What is DNS propagation and why does it take so long?
'DNS propagation' is a term used to describe the time frame after a change is made to the IP address where a domain resolves to and when the world fully recognizes that a change has been made. This is a sort of misnomer, however, as it implies that DNS records are “pushed” from your domain’s nameservers to all of the other DNS servers in the world, when in fact it’s more of a system of requests.
Most Internet Service Providers have local DNS servers that can be equated to an internet phone book. They keep track of and translate the IP address that is associated with your domain. When you type the text of your domain into a browser and hit Enter, your local ISP looks up where that domain name resolves to in terms of an IP address on a cached DNS server.
DNS records are stored in cache mainly to improve performance of DNS queries. Every DNS record has a Time to Live (TTL) value, which is the length of time DNS servers are requested to store that record in cache before checking to see if it is still valid. Even if a record is changed, DNS servers will continue working with its former value from cache until this time has passed.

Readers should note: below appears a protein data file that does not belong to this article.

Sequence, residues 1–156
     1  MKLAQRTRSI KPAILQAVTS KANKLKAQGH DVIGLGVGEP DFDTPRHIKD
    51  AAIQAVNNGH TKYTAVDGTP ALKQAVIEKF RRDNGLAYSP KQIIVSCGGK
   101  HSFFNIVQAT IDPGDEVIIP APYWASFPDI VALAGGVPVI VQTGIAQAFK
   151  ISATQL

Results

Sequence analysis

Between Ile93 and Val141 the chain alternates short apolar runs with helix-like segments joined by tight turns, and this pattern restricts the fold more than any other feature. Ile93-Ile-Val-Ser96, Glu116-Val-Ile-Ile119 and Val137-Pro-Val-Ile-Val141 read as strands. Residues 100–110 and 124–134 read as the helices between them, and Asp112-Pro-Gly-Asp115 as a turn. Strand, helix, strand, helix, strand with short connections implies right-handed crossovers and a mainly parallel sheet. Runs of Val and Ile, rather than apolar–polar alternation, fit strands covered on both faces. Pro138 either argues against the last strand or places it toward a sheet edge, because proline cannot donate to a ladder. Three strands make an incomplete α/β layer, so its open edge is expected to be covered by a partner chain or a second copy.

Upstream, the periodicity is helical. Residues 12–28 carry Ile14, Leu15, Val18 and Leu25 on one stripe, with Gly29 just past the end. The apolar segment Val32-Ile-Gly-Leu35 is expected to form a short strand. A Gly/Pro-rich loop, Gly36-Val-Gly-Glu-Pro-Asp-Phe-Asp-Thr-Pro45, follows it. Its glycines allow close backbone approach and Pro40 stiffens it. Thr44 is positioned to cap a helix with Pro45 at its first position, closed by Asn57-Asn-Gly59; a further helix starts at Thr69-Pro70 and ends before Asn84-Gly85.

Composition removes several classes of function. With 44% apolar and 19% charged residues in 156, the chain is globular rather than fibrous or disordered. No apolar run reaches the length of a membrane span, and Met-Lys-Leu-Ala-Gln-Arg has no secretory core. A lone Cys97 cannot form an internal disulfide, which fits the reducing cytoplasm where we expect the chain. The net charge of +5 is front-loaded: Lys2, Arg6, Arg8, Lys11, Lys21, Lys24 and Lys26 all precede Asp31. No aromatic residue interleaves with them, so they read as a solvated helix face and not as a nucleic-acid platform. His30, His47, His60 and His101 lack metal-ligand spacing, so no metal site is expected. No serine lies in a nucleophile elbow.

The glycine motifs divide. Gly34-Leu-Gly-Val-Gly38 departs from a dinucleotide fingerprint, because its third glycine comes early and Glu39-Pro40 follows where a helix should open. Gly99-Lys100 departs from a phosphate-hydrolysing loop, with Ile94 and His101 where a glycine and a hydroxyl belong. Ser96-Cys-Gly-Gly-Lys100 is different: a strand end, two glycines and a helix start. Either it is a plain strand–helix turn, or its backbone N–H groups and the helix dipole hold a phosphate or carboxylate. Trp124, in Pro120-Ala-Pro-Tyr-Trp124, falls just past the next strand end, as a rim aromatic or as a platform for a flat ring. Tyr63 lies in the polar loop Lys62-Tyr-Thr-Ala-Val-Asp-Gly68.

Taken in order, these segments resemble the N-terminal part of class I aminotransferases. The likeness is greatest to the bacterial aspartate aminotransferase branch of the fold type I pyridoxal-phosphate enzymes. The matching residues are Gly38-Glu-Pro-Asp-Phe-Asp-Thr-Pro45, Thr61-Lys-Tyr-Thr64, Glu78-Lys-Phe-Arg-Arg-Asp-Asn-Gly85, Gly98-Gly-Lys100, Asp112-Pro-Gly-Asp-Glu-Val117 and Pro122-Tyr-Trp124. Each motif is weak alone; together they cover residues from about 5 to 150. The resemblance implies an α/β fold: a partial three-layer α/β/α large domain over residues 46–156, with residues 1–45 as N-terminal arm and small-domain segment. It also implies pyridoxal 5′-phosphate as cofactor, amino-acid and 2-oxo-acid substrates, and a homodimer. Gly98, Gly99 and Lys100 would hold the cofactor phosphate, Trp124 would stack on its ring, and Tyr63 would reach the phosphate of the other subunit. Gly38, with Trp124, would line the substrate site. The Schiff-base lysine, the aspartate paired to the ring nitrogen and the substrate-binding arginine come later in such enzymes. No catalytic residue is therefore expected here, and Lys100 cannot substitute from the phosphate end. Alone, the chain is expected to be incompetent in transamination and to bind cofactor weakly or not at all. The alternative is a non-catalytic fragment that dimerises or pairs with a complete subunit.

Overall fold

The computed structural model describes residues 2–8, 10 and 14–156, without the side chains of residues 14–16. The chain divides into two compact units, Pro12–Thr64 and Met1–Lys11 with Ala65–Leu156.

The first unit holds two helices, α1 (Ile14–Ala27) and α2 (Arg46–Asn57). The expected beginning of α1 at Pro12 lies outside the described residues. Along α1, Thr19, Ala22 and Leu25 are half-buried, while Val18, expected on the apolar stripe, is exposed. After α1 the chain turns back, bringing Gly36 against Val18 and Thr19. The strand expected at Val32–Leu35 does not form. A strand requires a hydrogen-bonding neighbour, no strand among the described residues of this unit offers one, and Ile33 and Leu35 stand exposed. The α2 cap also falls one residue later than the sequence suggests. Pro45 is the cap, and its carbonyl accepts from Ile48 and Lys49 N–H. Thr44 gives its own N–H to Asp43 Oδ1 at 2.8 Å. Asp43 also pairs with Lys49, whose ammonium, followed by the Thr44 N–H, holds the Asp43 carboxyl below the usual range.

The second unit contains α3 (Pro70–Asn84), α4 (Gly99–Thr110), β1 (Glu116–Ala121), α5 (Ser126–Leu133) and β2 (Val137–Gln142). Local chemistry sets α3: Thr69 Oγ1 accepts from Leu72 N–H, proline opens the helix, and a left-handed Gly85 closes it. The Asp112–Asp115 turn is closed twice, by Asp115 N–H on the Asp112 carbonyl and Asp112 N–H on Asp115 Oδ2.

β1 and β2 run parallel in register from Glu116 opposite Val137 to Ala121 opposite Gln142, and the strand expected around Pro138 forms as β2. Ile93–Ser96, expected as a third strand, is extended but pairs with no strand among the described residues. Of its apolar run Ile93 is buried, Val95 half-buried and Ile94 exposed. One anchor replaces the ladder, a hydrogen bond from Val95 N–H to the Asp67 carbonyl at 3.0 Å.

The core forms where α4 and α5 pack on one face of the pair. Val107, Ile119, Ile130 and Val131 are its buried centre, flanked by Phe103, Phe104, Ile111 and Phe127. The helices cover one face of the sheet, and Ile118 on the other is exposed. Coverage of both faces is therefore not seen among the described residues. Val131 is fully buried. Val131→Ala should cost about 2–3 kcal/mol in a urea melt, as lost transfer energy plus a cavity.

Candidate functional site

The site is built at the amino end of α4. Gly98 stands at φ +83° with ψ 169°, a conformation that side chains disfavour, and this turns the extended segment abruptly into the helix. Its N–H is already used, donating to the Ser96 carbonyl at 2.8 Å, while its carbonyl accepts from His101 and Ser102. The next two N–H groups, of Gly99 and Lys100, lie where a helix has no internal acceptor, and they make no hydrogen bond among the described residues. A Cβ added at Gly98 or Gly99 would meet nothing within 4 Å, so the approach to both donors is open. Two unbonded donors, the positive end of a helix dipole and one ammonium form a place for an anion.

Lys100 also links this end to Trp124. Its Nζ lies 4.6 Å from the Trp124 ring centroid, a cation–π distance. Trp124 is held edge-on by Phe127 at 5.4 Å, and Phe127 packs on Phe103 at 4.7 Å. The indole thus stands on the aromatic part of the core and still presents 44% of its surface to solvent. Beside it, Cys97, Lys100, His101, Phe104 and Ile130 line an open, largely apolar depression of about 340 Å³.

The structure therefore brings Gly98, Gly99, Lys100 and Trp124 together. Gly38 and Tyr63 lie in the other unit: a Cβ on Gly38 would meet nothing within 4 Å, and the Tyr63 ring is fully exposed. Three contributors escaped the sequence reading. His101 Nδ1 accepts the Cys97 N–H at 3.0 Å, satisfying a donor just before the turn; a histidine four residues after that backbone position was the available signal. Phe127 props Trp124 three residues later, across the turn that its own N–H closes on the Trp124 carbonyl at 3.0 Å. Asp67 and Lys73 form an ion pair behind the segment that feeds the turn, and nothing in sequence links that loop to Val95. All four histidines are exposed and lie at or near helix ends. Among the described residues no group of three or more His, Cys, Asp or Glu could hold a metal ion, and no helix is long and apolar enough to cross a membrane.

When you request a website in a browser, there are up to four locations that may be involved in determining where your request should resolve:
- Your local computer’s DNS cache
- Your ISP’s DNS cache
- The main ICANN registered DNS server for that domain’s TLD
- Your domain’s assigned nameservers
On your local computer, records are generally cached using the TTL, and the record is only re-checked once either that TTL has expired, or your cache is flushed manually. (If you need assistance with flushing your computer or server’s local cache, contact Cozaq Support and we’ll be happy to assist you with that.)
At an ISP, the age of a cached record may be compared against the TTL specified for that record, or their own internal setting for how long records should be cached. In some cases, this may be 24-48 hours. So even if your TTL is set for only 1 hour, it is possible that individual ISPs may not recheck and cache a new record for much longer.
When an ISP needs to look up a DNS record, they check the primary DNS servers for that TLD to see what nameservers it should ask. The ISP then asks that domain’s nameservers for the IP address for that website, and caches this new record so that other checks can be completed more quickly.
This is the essence of DNS propagation - it is the time required for DNS servers worldwide to allow their cached information for a domain name to expire.
In the past a DNS change required up to 72 hours to propagate worldwide, however more recently these time frames have been cut down to a matter of hours. In general we recommend that DNS changes be done in off peak business hours preferably at the start of the weekend to limit the interruption of service that may occur while DNS propagates.